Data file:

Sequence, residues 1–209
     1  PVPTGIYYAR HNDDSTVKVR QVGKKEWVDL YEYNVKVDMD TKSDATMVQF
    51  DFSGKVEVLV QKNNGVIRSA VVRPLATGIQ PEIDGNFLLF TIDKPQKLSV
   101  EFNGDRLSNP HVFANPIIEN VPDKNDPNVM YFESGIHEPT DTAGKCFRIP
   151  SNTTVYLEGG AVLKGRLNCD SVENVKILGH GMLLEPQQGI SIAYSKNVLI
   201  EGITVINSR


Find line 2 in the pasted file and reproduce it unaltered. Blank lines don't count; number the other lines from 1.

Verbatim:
     1  PVPTGIYYAR HNDDSTVKVR QVGKKEWVDL YEYNVKVDMD TKSDATMVQF